Don’t hyperventilate about Japan turning right
December 18th, 2012
03:00 PM ET

Don’t hyperventilate about Japan turning right

By Michael J. Green, Special to CNN

Editor’s note: Michael J. Green is Senior Vice President for Asia and Japan Chair at the Center for Strategic and International Studies and Associate Professor at Georgetown University. The views expressed are his own.

With the landslide victory of Japan’s conservative Liberal Democratic Party (LDP) this past Sunday, the media is atwitter with warnings of dangerous new friction in Northeast Asia. Shinzo Abe, the man about to return to power after resigning as prime minister five years ago, has said he will get tough with China and might reconsider past apologies for some of Japan’s wartime transgressions. If the new government follows through on some of this overheated rhetoric, it could complicate U.S. foreign policy and hurt Japan’s image abroad. But that does not mean that Japan is becoming a dangerous nation. If anything, the growing realism in Japanese security policy should be welcomed by the United States.

With Chinese defense spending increasing at double digits and an aggressive new Chinese maritime doctrine aimed at pressing outward to control what strategists in Beijing call the “Near Sea,” the current constraints on Japanese defense policies pose more risk than any specter of returning Japanese militarism. Japan spends less than 1 percent of GDP on defense and Abe will likely increase that, particularly to support the Japanese Coast Guard, which is currently overwhelmed trying to track the surge in Chinese ships operating in and around not only the disputed Senkaku islands, but the entire Japanese archipelago.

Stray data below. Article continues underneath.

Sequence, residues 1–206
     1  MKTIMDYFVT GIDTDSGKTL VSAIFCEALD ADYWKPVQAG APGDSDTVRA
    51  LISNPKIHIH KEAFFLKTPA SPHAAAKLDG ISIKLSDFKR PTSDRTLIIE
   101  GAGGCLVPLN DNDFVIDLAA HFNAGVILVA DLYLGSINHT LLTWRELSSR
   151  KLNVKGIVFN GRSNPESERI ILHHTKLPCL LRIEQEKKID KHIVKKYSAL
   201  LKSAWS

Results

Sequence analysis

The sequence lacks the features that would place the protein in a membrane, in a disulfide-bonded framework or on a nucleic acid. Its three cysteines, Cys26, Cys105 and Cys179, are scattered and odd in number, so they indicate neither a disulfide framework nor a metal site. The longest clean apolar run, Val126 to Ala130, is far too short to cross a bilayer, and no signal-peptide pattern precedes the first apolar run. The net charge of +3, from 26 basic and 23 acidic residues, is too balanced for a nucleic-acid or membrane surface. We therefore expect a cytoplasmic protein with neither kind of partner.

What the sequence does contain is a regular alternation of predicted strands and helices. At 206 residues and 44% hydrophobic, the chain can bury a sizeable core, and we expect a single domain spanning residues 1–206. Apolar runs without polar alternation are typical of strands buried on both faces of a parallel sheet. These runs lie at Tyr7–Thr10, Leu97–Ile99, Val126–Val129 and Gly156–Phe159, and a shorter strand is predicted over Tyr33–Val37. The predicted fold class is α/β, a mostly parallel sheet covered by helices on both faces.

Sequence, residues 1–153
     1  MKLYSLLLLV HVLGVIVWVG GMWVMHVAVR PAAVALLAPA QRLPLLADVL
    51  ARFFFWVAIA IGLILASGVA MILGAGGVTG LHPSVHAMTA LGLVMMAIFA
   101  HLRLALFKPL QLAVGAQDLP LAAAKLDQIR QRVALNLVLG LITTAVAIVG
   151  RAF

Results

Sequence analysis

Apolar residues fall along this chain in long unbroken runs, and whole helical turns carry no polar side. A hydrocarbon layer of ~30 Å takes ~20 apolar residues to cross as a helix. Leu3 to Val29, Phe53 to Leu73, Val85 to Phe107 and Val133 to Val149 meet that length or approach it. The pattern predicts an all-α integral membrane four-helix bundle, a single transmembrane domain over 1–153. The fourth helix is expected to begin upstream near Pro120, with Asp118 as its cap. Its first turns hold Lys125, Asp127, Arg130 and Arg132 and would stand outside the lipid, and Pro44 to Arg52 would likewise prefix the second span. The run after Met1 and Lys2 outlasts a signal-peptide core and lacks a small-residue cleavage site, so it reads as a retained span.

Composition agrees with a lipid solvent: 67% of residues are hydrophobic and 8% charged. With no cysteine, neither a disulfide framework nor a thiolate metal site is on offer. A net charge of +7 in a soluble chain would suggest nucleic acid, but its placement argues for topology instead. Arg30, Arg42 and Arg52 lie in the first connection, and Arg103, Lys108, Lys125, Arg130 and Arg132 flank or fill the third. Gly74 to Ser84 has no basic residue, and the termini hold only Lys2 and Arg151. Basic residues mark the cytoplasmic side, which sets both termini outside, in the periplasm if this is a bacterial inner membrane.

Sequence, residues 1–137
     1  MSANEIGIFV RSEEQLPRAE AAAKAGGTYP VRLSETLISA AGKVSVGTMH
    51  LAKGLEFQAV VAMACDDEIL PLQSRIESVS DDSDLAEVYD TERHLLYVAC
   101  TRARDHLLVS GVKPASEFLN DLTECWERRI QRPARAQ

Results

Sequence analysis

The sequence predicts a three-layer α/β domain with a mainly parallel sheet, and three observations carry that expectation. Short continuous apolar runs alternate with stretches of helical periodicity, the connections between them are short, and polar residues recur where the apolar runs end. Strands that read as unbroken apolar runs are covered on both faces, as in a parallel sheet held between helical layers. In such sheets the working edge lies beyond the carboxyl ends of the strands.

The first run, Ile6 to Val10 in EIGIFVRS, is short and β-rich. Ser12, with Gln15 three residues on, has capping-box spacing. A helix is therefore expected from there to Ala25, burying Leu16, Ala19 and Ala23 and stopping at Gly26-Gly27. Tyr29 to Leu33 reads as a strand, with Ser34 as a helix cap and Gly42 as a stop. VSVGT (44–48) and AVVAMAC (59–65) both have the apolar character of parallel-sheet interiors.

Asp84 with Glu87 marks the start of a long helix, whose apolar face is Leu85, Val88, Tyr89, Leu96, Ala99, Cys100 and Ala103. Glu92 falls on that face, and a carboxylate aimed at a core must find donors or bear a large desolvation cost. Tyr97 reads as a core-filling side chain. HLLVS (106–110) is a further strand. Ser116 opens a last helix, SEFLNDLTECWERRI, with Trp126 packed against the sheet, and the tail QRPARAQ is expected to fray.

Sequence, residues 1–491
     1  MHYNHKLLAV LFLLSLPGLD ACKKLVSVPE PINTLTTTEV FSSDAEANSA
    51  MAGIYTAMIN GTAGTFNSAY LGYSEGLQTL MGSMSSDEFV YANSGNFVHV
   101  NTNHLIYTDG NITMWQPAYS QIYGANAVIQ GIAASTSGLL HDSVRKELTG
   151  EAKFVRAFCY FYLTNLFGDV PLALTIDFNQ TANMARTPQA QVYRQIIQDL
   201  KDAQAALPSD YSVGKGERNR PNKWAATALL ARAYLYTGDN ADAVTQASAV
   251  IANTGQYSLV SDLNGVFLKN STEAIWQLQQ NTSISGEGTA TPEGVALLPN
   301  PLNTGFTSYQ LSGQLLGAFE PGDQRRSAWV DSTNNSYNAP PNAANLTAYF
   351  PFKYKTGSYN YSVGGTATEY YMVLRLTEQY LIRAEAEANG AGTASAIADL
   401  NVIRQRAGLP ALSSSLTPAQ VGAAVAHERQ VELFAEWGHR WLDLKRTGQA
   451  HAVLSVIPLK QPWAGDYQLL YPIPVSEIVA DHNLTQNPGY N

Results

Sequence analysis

Abe has also promised to exercise Japan’s right of collective defense under the U.N. Charter, which would allow Japan to do more to support U.S. forces in crises not involving a direct attack on Japanese territory. This would move the U.S.-Japan alliance in the direction of NATO or the U.S. alliance with Australia, where we can expect support if the U.S. or a like-minded state comes under attack. Immediately after 9/11, for example, NATO and Australia were able to invoke our treaties to offer military assistance, while Japan had to find highly restricted workarounds to help refuel coalition forces in the Indian Ocean and provide humanitarian assistance in Iraq. Exercising the right of collective defense will be particularly important for joint efforts on missile defense as North Korea expands its arsenal for striking both Japan and the United States.  Another trademark of Abe’s foreign policy is to extend security cooperation with other maritime democracies such as Australia and India, two countries with which he initiated unprecedented defense cooperation agreements when last in power. These are all steps that enhance security in the Pacific.

More from GPS: Back to the future in Japan

It is also misleading to cast Japan as a pariah within Asia, as much of the commentary surrounding the return of Abe has. In Southeast Asia, opinion polls about Japan are generally more favorable than polls about either the United States or China. Countries like the Philippines and Vietnam are particularly eager to see a more resolute Japan given their own maritime problems with Beijing. The two countries in the region where Japan polls negatively are China and South Korea. Even between those two immediate neighbors, however, Chinese views of Japan are far more hostile. Moreover, Korean views of China tend to be far more negative than views of Japan.